Disk is full and now I can't boot into Ubuntu

I was syncing photos and videos from my phone using SyncThing onto my laptop running Ubuntu 20.04.1.
The local SSD (/dev/sda2) was completely full so after copying to an external hard disk drive I deleted them from the local drive by pressing the delete key on the keyboard. I did not empty the trash afterwards.

Some time after that I restarted the machine. Now, instead of successfully booting it got to a message

/dev/sda2: clean, 367601/15597568 files, 59266164/6238360 blocks

My guess is somehow that the filesystem is so full, that the OS is unable to do what it needs to do to successfully boot.

So I booted using the Live USB that I had originally installed from, hoping to fix the issue. Once inside the live session I was hoping to do some kind of scan or delete some files to free up space on the local SSD. Unfortunately I do no have permissions to modify the SSD contents.

Any suggestions as to what I should try?

Edit: I also saw a message along the lines of

initramfs decoding failed: unpacking failed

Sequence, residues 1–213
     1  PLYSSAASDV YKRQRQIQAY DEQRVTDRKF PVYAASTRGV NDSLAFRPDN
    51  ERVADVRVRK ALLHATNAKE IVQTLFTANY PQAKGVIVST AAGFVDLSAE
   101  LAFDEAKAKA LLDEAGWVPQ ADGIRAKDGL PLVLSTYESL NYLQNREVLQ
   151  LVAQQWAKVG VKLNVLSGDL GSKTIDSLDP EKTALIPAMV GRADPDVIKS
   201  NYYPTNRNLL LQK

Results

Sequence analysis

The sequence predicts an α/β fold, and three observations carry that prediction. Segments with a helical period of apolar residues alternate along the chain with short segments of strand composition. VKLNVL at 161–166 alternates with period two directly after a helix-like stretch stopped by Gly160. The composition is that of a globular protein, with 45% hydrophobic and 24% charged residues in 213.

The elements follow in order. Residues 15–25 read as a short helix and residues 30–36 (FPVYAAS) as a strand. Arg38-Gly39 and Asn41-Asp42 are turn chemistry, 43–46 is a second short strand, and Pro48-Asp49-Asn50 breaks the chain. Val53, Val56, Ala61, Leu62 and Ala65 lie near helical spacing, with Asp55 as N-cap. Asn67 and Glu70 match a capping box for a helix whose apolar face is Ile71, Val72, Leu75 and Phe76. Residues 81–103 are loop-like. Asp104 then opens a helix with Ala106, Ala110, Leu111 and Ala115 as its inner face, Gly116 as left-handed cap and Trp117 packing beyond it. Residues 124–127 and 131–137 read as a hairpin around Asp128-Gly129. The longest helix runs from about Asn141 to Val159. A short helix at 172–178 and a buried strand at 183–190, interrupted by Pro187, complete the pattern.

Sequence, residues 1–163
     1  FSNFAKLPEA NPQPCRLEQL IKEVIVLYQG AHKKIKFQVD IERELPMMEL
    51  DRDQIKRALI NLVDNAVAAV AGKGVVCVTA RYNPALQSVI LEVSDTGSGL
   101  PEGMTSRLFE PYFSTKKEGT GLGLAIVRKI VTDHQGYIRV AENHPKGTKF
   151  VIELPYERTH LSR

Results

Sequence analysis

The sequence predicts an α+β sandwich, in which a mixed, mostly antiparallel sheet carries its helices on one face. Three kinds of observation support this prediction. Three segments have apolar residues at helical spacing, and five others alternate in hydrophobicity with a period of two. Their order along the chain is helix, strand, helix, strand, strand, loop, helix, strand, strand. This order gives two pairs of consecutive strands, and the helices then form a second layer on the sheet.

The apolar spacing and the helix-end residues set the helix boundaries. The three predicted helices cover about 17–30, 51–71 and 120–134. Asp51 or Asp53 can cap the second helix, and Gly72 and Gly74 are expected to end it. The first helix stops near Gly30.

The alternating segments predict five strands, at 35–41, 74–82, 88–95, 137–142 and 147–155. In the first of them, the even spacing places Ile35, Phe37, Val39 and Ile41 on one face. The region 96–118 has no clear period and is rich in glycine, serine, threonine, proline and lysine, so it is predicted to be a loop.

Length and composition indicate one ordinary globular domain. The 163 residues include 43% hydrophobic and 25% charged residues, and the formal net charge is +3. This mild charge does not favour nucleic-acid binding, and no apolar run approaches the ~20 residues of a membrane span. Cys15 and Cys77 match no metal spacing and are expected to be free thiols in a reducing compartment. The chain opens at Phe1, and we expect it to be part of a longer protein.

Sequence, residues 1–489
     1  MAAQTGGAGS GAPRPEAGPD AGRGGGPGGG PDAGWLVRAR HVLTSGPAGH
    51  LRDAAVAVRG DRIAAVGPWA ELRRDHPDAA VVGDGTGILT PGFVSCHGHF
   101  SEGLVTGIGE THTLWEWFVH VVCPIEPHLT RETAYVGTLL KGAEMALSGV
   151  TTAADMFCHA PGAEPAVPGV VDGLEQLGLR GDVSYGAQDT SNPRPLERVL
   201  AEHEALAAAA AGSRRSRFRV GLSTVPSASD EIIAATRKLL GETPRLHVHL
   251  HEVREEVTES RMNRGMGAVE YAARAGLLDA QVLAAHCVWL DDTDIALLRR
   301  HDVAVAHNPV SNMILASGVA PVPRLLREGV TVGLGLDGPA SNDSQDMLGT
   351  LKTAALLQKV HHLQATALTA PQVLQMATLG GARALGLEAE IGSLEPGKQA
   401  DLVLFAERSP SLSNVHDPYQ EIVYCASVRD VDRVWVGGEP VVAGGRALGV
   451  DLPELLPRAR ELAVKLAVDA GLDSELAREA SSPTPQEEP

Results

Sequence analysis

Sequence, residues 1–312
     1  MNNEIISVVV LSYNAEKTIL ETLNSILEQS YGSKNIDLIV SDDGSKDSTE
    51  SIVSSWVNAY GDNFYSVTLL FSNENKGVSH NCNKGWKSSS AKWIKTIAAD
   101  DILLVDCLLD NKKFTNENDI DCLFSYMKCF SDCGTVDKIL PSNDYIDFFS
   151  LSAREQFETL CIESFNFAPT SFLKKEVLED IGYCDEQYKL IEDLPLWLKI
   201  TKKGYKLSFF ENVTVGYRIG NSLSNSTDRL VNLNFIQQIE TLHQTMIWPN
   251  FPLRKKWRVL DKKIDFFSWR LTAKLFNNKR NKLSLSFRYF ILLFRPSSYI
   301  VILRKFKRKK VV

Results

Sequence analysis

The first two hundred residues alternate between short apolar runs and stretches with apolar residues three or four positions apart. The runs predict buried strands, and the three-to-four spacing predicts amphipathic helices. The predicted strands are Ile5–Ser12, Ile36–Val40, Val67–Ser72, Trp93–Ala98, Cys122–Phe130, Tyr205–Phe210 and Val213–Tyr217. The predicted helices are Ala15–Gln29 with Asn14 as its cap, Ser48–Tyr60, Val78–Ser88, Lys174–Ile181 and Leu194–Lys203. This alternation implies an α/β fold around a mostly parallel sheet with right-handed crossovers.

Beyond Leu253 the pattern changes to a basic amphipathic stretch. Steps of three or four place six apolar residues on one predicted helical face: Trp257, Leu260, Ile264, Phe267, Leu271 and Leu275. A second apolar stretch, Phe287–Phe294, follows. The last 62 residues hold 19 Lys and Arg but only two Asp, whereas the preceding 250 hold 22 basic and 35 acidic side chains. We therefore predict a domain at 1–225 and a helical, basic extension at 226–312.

Asked By: feedMe

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I solved my own problem with the following method.

  1. Boot from Live USB (I used the one that I originally installed my local OS from but probably any Linux live drive would work.
  2. Open a terminal.
  3. Make a new directory, let’s say mnt. mkdir mnt
  4. Mount the local drive. mount /dev/sda2 mnt
  5. Call sudo -H nautilus . and then from the Nautilus graphical interface I deleted a large file with Delete + Shift. It asked for confirmation.
  6. Since the file was deleted without going to trash, I assumed that there was now some free space and rebooted.

Voila. I am now able to boot into the OS again.

Answered By: feedMe

You only need to boot Ubuntu in Advanced Options For Ubuntu.

GRUB menu

Select an option with recovery mode

Then select the Clean – Try to make free space option.

Recovery mode options

Now, Select Resume – resume normal boot

Your computer will boot up with just enough space to clean it up fully.

Answered By: max10
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